On the early afternoon of Friday, November 22, 1963, Walter Jacobson, a 26-year-old reporter and news writer for WBBM-Channel 2, was having lunch at the Chicago Press Club in the Hotel St. Clair when his conversation with executive producer Dick Goldberg was interrupted by news that President John F. Kennedy had been shot in Dallas, Texas.
Almost at once, Jacobson, Goldberg and the 25 or 30 other reporters, producers and writers in the room got up and left.
The same CBS-owned station that had made history three years earlier as the site of the first Kennedy-Nixon presidential debate was mobilizing to cover reaction to the president’s assassination. After running back the two blocks to the studios on McClurg Court, Jacobson was given his assignment: Take a camera crew to the Chicago Theatre on State Street.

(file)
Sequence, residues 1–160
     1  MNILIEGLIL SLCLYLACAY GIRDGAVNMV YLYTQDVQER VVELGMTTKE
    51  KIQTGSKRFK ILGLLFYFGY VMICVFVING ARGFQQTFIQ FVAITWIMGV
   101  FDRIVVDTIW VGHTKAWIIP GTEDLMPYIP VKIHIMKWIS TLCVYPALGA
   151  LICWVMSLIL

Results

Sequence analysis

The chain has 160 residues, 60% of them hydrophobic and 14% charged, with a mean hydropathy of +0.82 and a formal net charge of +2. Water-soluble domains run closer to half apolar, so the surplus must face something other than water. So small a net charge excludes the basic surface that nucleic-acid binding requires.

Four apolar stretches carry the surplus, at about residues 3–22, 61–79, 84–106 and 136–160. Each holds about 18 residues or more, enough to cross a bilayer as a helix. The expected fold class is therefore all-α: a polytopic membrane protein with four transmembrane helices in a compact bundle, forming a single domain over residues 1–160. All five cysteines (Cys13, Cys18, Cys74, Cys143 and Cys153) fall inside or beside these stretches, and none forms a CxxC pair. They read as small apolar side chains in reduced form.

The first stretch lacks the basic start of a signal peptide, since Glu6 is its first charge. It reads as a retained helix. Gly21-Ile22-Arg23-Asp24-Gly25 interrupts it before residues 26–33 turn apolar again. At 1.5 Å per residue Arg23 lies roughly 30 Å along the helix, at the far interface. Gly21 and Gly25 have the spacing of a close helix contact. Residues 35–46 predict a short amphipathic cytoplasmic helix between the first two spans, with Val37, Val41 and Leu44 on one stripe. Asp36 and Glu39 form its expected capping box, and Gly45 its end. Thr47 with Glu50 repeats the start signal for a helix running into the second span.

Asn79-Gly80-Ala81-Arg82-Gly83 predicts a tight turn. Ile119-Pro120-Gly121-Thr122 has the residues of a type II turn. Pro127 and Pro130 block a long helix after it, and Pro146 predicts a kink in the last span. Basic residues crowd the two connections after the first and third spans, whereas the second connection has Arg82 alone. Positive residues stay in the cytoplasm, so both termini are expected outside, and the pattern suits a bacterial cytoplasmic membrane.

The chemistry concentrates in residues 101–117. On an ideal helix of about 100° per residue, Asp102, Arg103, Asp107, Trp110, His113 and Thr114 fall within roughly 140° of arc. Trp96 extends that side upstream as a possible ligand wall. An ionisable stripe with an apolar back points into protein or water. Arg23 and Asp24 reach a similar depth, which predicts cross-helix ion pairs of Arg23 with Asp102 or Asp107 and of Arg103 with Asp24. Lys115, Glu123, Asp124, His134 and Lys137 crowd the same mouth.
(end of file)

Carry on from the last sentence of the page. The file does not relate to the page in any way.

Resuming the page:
“Roll it on people coming out. They’ve been in the dark for the past three hours watching a movie. They’ll have no idea the president’s been shot. Tell them what happened, and ask how they feel about it,” the veteran Chicago anchorman recalled in his 2012 autobiography, Walter’s Perspective: A Memoir of Fifty Years in Chicago TV News.
“What I got was shock and tears. A lot of it. Telling someone, cold and out of the blue, that the president of the United States has been shot in the head and is dead, then demanding to know ‘How do you feel about it?’ That’s not journalism. It’s National Enquirer, a paparazzi attack. It’s intrusion.
“Looking back, I wish I had refused to be that intrusive, that grotesquely insensitive. But back then, it didn’t occur to me to refuse. I was a second-string reporter competing for the starting lineup, and the story was huge. I didn’t think about what it would be like on the other side of the microphone, how much I’d want to smash it, or at least turn away from it in disgust, and to give a finger to the cameraman.”
One of the few working newsmen that day still active in Chicago journalism, Jacobson, 76, delivers weekly commentaries on WLS AM 890.